Despite a successful court victory ordering Alouette Correctional Centre for Women to allow inmates to keep their babies while incarcerated, two newborns were taken from their mothers over the summer.
The Maple Ridge prison re-opened a mother-child unit last summer, after it had been shut down for six years.
Justice Minister Suzanne Anton toured the facility in June 2014, when the program reopened following a court case won by former inmates the previous December.
The new mothers were to get prenatal education, participate in a parenting program and receive other supports.
However, in a letter dated Aug. 19, Dr. Ruth Elwood Martin wrote to Anton, noting that, “Two babies recently born to indigenous women incarcerated at ACCW were apprehended by the Ministry of Children and Family, and separated from their mothers within hours of their birth at [Ridge Meadows] Hospital.
“Tragically, these babies have irrevocably lost the opportunity to breastfeed and establish vital maternal-infant bonding, which research has demonstrated benefits infant development and adulthood health, and reduces recidivism for their mothers,” said her letter.
Supreme Court Justice Carol Ross ruled in December 2013 that the government’s decision to shut down the program was unconstitutional, and that mothers and babies rights were violated by the government’s decision to “arbitrarily end the program in 2008.”
Two former inmates, Amanda Inglis and Patricia Block, sued the province to have the program reinstated.
Mo Korchinski, a Maple Ridge mother and former inmate, has been a strong advocate for the program and is among those asking why the babies were taken from their mothers this summer.
She now has a bachelors degree in social work and works with former inmates as a project coordinator with UBC’s Unlocking the Gates peer mentor program.
Korchinski worked with both of the mothers in the court case and said they were “devastated” when their children were taken from them at birth, and put into the foster system.
Both women have since been released – they were not serving long sentences. While their children remain in foster care in Maple Ridge, the women have returned to their homes in the Okanagan and in Northern B.C.
“There was no immediate danger to those children,” said Korchinski, noting that inmates are on camera, and there is a strict rule that only mothers have access to the babies.
Korchinski said women who are released from prison generally do not reoffend when they are new mothers.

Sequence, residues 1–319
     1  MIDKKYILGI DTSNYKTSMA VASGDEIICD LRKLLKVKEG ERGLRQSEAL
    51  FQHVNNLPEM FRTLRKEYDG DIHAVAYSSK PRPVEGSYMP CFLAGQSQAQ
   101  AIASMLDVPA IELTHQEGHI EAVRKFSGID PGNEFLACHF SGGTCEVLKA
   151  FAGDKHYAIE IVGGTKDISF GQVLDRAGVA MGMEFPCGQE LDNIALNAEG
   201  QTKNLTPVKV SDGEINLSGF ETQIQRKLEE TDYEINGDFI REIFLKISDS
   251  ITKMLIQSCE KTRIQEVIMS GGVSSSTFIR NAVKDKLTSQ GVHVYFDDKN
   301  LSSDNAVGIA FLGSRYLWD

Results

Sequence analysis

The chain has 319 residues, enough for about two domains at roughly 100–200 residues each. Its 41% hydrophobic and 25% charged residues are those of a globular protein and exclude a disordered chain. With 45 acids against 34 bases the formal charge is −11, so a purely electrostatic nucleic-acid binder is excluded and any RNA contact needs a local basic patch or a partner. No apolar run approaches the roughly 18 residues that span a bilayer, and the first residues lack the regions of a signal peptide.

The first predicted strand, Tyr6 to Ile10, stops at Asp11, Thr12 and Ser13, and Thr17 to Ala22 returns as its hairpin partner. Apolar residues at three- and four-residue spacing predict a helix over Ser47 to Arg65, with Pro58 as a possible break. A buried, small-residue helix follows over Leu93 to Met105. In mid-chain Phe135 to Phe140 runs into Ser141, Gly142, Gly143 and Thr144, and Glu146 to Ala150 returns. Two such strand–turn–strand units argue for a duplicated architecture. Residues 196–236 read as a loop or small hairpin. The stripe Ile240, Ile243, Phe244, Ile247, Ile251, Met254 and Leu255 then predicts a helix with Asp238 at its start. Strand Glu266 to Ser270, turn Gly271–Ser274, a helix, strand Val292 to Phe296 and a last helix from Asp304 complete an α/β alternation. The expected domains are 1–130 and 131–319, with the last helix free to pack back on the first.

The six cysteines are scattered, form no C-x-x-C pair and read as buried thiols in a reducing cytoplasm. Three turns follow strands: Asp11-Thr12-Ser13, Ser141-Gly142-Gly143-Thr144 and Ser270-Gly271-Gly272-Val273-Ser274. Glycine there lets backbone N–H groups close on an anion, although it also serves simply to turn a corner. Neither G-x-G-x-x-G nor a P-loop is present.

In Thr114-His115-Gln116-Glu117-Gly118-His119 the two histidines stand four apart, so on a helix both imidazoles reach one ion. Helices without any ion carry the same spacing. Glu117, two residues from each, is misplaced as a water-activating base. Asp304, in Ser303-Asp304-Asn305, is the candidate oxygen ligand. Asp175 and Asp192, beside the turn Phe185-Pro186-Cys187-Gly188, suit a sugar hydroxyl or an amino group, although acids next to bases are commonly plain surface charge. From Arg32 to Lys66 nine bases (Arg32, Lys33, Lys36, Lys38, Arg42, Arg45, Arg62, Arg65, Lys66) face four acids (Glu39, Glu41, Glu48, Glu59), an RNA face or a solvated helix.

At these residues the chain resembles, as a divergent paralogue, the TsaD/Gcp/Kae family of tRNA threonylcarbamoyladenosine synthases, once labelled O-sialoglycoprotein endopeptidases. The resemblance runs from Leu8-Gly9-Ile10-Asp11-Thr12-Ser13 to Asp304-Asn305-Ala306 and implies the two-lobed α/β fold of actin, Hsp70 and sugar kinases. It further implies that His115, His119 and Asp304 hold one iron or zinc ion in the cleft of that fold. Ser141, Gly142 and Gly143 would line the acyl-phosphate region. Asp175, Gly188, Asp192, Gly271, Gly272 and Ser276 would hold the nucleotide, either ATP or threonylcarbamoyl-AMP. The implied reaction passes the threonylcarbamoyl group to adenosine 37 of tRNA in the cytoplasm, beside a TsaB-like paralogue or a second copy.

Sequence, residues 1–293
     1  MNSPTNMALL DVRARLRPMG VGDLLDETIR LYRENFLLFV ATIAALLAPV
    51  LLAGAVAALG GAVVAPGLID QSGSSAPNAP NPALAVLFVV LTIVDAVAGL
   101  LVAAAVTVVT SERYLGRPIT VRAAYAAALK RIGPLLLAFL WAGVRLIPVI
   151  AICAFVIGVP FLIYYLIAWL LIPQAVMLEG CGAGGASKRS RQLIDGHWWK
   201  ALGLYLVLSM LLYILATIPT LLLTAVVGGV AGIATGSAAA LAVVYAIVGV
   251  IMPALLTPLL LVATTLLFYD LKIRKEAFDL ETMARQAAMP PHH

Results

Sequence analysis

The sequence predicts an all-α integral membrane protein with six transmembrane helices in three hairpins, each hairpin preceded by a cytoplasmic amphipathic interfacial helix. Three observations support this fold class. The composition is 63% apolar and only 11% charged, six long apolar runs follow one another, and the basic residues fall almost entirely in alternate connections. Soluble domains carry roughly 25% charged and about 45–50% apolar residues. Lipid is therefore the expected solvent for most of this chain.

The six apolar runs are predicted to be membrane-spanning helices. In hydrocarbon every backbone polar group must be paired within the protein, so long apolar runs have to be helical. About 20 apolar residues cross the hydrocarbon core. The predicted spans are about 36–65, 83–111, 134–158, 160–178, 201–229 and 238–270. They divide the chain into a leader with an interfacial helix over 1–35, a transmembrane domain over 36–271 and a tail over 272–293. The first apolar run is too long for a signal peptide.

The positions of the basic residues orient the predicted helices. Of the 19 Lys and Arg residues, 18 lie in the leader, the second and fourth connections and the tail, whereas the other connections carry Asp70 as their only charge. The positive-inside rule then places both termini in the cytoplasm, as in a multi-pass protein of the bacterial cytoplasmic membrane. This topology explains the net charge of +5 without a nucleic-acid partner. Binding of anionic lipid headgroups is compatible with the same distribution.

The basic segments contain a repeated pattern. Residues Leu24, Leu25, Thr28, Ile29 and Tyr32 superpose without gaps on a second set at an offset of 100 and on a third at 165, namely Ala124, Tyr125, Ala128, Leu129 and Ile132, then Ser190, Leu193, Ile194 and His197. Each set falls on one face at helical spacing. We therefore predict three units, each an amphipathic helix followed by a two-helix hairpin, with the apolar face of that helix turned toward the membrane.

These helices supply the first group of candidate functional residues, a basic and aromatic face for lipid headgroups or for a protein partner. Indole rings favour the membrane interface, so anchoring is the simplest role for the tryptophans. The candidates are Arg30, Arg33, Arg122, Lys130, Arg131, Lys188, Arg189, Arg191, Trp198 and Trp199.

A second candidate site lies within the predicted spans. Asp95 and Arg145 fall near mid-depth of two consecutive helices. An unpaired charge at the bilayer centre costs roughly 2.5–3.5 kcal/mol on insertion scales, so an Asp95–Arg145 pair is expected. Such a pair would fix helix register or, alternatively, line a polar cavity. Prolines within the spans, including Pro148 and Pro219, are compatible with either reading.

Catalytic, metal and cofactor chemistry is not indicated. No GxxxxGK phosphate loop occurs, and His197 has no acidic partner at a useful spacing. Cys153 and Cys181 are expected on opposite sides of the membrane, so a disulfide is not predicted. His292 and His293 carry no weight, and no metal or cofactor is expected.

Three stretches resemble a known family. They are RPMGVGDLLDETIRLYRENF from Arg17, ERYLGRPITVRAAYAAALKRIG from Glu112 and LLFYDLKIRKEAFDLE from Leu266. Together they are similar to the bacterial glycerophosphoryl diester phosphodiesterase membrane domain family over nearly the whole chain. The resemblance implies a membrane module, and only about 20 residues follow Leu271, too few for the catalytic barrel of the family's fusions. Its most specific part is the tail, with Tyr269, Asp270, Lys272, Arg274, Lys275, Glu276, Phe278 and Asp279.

“Having that purpose and hope when you’re released makes all the difference if someone is going to turn their life around.”
The women’s prison, on Alouette Road near 249th Street, opened in 2004, and previously housed male inmates.
The following year it began the infant program, allowing 12 mothers to live with their children at the prison.
Corrections stopped the program in 2008, citing an increase in prison population, and unsafe conditions for the babies. It said the mothers used marijuana, got into fights, and left their babies unsupervised.
However, a doctor and a therapist who both worked at the prison testified that the program was beneficial to mothers and their babies, and had a positive impact on the general prison population.
In the six years the program was closed, 23 incarcerated women who gave birth at the prison had their babies placed in foster care, until courts ruled the program should be reinstated.
Dr. Martin’s letter also asked that the B.C. Ministry of Justice endorse the document “Guidelines for Implementation of Mother-Child Units in Canadian Correctional Facilities,” which was developed after the court ruling in 2013.
The guidelines are designed to “promote stability and continuity for mother-child health and bonding to build strong parental relationships in and beyond the correctional facility,” Martin wrote.
“Throughout the world, incarcerated women tend to be young and of childbearing age, often lacking financial resources and poorly educated, and therefore babies born to incarcerated women must be specifically included within the Families first of B.C. policy,” she said.
The guidelines planning committee members included Brenda Tole, a retired warden of ACCW, and Korchinski.
Anton said in a statement that the ministry cannot comment on specific cases due to privacy laws, but that each decision about participation in the program is made on a case-by-case basis.
“B.C. Corrections looks at things such as each woman’s risk assessment at ACCW, history of offences and any court orders prohibiting contact with children. Child protection decisions are made by the Ministry of Children and Family Development (MCFD) and are approached the same way whether the mother is incarcerated or a member of the general community. If a woman has applied to the Mother-Child Program and MCFD has child protection concerns, B.C. Corrections waits for MCFD’s independent decision to be made prior to finalizing the application.”